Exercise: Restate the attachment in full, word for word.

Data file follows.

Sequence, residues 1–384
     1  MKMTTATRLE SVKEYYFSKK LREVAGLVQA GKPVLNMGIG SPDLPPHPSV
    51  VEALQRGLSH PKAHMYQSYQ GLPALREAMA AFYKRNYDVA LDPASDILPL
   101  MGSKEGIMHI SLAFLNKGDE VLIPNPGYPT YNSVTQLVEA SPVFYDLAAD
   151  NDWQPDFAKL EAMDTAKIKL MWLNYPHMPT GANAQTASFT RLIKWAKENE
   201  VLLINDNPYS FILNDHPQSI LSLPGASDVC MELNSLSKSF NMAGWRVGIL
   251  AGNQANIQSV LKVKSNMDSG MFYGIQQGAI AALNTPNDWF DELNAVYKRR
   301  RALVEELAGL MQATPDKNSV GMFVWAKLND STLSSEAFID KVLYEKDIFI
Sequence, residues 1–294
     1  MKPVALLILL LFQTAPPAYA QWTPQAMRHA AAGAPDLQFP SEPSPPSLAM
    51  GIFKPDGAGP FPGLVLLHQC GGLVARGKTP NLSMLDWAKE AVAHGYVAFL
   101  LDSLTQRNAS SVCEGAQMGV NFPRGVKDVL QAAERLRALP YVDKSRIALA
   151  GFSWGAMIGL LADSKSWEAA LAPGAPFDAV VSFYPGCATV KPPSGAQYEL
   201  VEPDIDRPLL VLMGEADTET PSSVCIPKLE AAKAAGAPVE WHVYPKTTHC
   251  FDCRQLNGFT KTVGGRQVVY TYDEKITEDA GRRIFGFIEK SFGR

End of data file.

Sequence, residues 1–384
     1  MKMTTATRLE SVKEYYFSKK LREVAGLVQA GKPVLNMGIG SPDLPPHPSV
    51  VEALQRGLSH PKAHMYQSYQ GLPALREAMA AFYKRNYDVA LDPASDILPL
   101  MGSKEGIMHI SLAFLNKGDE VLIPNPGYPT YNSVTQLVEA SPVFYDLAAD
   151  NDWQPDFAKL EAMDTAKIKL MWLNYPHMPT GANAQTASFT RLIKWAKENE
   201  VLLINDNPYS FILNDHPQSI LSLPGASDVC MELNSLSKSF NMAGWRVGIL
   251  AGNQANIQSV LKVKSNMDSG MFYGIQQGAI AALNTPNDWF DELNAVYKRR
   301  RALVEELAGL MQATPDKNSV GMFVWAKLND STLSSEAFID KVLYEKDIFI
Sequence, residues 1–294
     1  MKPVALLILL LFQTAPPAYA QWTPQAMRHA AAGAPDLQFP SEPSPPSLAM
    51  GIFKPDGAGP FPGLVLLHQC GGLVARGKTP NLSMLDWAKE AVAHGYVAFL
   101  LDSLTQRNAS SVCEGAQMGV NFPRGVKDVL QAAERLRALP YVDKSRIALA
   151  GFSWGAMIGL LADSKSWEAA LAPGAPFDAV VSFYPGCATV KPPSGAQYEL
   201  VEPDIDRPLL VLMGEADTET PSSVCIPKLE AAKAAGAPVE WHVYPKTTHC
   251  FDCRQLNGFT KTVGGRQVVY TYDEKITEDA GRRIFGFIEK SFGR